"Love of Numbers Leads to Chromosome 17," Profile of Eric Steven Lander, by Philip J. Hilts. New York Times, September 10 1996, page C1.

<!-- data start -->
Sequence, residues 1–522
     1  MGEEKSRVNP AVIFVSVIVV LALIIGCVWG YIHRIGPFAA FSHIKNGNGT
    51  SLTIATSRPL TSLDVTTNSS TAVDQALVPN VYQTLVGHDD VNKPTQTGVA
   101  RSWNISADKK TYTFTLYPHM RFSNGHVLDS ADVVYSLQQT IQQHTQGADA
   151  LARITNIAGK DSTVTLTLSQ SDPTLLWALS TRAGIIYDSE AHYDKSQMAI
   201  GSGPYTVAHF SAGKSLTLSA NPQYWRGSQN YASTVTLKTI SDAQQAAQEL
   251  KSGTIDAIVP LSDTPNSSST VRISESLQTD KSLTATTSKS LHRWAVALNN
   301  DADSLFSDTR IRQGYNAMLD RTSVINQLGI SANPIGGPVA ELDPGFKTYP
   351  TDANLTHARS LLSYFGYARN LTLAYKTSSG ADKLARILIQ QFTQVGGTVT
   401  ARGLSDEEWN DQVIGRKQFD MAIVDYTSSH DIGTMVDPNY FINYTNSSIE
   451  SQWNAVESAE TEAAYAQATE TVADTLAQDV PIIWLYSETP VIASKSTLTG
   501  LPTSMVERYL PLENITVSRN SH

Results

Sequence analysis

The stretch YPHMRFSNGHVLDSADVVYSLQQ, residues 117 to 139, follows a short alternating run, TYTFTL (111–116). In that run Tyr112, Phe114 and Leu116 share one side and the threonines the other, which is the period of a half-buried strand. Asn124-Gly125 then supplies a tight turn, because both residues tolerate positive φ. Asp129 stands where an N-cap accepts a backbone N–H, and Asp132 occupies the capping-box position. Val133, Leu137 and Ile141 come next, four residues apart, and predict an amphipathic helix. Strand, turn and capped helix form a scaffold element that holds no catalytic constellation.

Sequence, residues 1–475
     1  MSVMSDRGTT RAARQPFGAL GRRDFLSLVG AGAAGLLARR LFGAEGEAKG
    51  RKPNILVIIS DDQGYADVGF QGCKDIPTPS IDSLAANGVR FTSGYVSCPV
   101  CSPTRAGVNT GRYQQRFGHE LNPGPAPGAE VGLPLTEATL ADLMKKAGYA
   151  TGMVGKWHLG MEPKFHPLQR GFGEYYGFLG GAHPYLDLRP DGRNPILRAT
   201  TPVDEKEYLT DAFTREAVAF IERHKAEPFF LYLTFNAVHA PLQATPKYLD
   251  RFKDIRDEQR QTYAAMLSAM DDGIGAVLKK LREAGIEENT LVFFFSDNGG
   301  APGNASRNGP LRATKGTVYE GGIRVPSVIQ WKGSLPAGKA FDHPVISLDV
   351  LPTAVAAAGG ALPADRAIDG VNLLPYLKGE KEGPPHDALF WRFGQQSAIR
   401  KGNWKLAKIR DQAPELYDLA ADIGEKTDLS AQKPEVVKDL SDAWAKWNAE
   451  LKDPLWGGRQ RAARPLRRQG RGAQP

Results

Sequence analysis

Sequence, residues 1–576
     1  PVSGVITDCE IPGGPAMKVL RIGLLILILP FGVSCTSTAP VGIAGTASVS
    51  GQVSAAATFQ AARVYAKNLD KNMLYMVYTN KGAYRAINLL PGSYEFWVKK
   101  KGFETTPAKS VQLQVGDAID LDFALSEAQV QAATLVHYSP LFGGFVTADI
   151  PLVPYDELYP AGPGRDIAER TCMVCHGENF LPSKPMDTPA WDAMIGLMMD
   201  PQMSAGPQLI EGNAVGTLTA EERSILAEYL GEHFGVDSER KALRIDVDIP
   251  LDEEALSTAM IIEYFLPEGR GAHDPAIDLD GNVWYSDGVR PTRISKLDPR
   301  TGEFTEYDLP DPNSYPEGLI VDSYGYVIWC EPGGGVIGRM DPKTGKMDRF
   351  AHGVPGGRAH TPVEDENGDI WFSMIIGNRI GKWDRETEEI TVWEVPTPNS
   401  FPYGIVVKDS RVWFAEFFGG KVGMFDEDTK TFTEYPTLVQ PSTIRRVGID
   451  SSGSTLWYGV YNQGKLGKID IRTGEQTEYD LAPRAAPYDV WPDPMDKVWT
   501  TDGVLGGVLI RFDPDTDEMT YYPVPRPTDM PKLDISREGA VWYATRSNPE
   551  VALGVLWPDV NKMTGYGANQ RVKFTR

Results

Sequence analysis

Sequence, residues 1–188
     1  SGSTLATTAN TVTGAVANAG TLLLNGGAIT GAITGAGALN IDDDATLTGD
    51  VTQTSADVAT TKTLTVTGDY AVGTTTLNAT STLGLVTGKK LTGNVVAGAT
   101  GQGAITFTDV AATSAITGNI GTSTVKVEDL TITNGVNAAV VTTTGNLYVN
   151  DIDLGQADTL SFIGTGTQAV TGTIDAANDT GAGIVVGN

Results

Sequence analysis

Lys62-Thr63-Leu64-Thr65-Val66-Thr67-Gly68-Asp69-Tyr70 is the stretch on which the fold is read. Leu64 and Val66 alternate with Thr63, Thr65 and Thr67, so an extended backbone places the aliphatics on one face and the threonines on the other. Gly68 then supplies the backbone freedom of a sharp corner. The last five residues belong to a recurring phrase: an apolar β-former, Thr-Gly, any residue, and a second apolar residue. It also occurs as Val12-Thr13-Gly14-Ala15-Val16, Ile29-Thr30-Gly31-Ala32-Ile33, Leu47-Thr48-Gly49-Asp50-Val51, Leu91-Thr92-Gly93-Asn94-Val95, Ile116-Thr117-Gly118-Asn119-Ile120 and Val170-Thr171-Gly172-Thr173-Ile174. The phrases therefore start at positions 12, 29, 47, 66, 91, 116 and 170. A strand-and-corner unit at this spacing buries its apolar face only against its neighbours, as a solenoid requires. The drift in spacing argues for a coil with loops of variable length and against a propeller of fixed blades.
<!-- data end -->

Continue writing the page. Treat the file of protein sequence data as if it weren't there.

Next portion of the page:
Eric Lander is a mathematician-turned-molecular biologist who is bringing the power of mathematics to bear on the problem of constructing a complete catalogue of the human genome. After studying mathematics and managerial economics, Lander developed an interest in biology by hanging around laboratories and talking with his brother, who is a neurologist. After writing a few research papers at the interface of mathematics and biology, Lander received a US$250,000 MacArthur award, which helped to finance his travels to do genetic research on isolated populations. Today, at age 39, he is the director of the Whitehead Institute/MIT Genome Center in Cambridge, Massachusetts. This is one of several laboratories around the country currently working on the federally-funded human genome project. As Lander says in the article, "The genome project is wholly analogous to the creation of the periodic table in chemistry." The hope is that this research will eventually lead to new understanding of gene functions and new strategies for disease prevention.